Most Read
Most Commented
ADUN SPEAKS | Samy Vellu, the autocrat

ADUN SPEAKS | MIC’s long-time president and supremo S Samy Vellu died at the age of 86 on Sept 15. His death resulted in an outpouring of grief and sadness.

Whatever can be said about the man and leader, his passing elicited sympathetic comments from friends and foes.

His friends and party members called him a legend and mentor, whereas his one-time political foes described him as a straight fighter without personal agenda.

He was lauded for his contributions to the Indian community in the fields of education and social development. Some well-known poets from Tamil Nadu even hailed him as an irreplaceable loss to the Tamil community.

He was harsh towards his enemies but rewarded his friends handsomely.

Since his demise a few days ago, there has been little or no analysis of Samy beyond his personality, style, and mannerisms.

As a result, there is a gap between his purported leadership and to what extent his party and the Indian community benefited from his leadership.

Samy’s iron grip on MIC

There are different kinds of leadership: autocratic, democratic, transformational, and others. What was the kind of leadership offered by Samy and how did the Indian community benefit from it?

There is no problem in labelling Samy Vellu’s leadership style as autocratic or even authoritarian. It was more of a degree than fitting exactly with the autocratic label.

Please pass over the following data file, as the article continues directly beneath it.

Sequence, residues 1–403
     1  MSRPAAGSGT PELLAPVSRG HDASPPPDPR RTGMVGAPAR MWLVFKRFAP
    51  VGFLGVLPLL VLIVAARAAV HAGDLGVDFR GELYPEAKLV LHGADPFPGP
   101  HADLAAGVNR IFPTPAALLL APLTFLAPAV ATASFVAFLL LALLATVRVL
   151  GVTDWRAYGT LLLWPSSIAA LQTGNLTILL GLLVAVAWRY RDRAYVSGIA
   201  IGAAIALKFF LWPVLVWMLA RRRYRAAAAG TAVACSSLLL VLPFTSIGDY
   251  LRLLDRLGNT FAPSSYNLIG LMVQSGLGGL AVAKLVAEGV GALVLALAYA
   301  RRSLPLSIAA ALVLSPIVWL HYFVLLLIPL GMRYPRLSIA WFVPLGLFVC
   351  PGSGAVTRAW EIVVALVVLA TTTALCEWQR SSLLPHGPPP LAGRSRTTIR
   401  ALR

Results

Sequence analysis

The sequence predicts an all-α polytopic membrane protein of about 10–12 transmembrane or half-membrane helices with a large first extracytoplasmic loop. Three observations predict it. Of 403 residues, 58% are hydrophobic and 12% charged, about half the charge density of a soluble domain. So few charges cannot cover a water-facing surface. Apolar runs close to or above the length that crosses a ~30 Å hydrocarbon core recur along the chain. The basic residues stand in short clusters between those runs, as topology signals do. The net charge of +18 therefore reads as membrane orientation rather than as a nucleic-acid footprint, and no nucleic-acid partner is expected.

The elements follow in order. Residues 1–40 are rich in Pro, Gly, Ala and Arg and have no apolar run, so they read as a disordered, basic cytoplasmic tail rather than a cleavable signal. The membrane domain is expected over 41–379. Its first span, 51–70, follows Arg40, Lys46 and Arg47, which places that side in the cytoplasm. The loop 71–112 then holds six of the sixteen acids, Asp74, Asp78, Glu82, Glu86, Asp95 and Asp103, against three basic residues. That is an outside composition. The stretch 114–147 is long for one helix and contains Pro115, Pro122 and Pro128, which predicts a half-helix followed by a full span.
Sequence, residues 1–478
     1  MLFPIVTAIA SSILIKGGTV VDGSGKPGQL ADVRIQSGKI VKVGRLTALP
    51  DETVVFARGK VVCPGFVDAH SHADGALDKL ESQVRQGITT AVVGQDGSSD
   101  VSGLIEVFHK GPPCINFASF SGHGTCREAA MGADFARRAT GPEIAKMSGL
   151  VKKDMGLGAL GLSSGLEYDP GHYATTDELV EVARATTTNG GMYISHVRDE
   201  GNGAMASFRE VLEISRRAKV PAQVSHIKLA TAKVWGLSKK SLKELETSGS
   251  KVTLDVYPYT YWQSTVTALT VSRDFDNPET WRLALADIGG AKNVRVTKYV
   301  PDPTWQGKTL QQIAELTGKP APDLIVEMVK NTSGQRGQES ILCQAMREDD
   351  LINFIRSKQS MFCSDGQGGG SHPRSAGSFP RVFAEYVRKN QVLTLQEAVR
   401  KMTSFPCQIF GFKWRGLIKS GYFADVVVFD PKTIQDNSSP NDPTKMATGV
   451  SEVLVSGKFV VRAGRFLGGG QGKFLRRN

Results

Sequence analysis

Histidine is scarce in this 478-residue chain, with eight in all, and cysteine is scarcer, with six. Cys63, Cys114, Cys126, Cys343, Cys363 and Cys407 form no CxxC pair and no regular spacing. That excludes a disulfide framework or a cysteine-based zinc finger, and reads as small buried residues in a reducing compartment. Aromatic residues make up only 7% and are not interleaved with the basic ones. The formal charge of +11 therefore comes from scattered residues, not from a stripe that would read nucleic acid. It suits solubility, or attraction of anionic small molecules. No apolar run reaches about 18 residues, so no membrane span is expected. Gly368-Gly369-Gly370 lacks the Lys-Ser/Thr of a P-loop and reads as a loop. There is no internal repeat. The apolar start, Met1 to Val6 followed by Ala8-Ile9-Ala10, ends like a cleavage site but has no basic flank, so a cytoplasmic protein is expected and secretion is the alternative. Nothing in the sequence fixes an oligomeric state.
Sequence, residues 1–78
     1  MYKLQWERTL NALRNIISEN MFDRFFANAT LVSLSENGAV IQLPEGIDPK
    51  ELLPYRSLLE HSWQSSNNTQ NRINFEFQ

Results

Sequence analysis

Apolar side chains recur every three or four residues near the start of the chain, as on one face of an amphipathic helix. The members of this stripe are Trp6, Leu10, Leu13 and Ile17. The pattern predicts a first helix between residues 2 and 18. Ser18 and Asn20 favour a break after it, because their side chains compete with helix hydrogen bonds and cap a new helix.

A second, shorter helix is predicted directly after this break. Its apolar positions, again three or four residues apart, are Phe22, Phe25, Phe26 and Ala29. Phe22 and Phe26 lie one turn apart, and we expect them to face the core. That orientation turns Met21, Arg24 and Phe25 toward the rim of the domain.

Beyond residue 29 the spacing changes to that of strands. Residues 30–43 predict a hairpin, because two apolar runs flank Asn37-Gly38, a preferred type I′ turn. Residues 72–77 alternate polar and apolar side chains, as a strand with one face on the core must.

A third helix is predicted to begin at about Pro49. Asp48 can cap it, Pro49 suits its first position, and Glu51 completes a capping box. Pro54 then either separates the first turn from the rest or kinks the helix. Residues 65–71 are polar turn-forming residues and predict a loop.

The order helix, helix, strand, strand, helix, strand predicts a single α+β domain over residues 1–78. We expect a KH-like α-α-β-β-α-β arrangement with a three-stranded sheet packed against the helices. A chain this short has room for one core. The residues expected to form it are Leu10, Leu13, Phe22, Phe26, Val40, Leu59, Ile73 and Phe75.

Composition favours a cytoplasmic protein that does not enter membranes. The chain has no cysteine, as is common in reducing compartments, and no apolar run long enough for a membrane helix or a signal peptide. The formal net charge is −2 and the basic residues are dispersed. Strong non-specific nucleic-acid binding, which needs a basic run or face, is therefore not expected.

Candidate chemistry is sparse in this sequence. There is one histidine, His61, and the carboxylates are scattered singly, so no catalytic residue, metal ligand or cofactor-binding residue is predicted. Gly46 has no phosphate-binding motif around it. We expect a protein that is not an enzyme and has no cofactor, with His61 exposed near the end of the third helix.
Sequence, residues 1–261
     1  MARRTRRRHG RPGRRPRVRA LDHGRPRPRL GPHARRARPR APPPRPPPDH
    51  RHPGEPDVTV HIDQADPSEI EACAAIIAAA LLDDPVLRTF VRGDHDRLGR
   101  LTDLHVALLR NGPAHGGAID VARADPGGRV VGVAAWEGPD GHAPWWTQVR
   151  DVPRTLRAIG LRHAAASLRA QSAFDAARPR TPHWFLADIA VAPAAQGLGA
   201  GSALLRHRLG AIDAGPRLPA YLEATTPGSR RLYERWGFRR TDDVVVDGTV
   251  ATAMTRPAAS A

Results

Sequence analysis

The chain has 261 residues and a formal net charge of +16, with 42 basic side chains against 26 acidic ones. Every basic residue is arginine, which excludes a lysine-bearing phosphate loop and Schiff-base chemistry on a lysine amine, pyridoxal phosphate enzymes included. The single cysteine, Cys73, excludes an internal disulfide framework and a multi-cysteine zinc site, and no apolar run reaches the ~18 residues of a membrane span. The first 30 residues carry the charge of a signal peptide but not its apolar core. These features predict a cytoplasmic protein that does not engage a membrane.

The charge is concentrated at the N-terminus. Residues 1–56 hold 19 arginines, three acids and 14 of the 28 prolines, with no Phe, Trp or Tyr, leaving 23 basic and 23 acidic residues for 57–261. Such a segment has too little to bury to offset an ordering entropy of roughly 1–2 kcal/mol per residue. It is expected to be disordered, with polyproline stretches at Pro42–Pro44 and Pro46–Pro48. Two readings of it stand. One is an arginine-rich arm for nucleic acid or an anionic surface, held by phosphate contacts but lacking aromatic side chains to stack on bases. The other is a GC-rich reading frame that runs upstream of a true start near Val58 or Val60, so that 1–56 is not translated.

For Samy, leadership was the key to making decisions and their implementation. He did not strive for consensus and consultation, they simply did not fit with his leadership style.

For all intents and purposes, MIC was a one-man show, with Samy in command. In brief, Samy was MIC, and MIC was Samy.

He managed the party, and to some extent the Indian community, in such a way that there was no place for democracy or consultation in decision-making. Autocratic leadership meant not questioning Samy’s decisions and accepting them as good for the party and society.

Challenges to his leadership were not welcomed. Either the challengers had to succumb to the dictates of the leader or face the prospect of being sacked from the party and their government positions.

It was well known what happened to those leaders who opposed Samy. They were either marginalised in the party or were removed from government posts.

If Samy wanted to do something for the benefit of the Indian community, he will do it with or without much consultation.

For instance, the formation of Maika Holdings, Maju Institute of Education Development (Mied), and others were done without much consultation. Whether such establishments would really benefit the Indian community was not fully researched and analysed.

It was this impetuous thinking of an autocratic leader that caused much malaise amongst members of the Indian community.

Samy’s autocratic leadership was enforced without feelings or compassion for those below him. It might have lent a superficial sense of unity in the party, but it destroyed any internal democracy.

Obedience and compliance numbed creativity and freedom in the party. Those who could not accept Samy’s authoritarian leadership left the party or joined the opposition.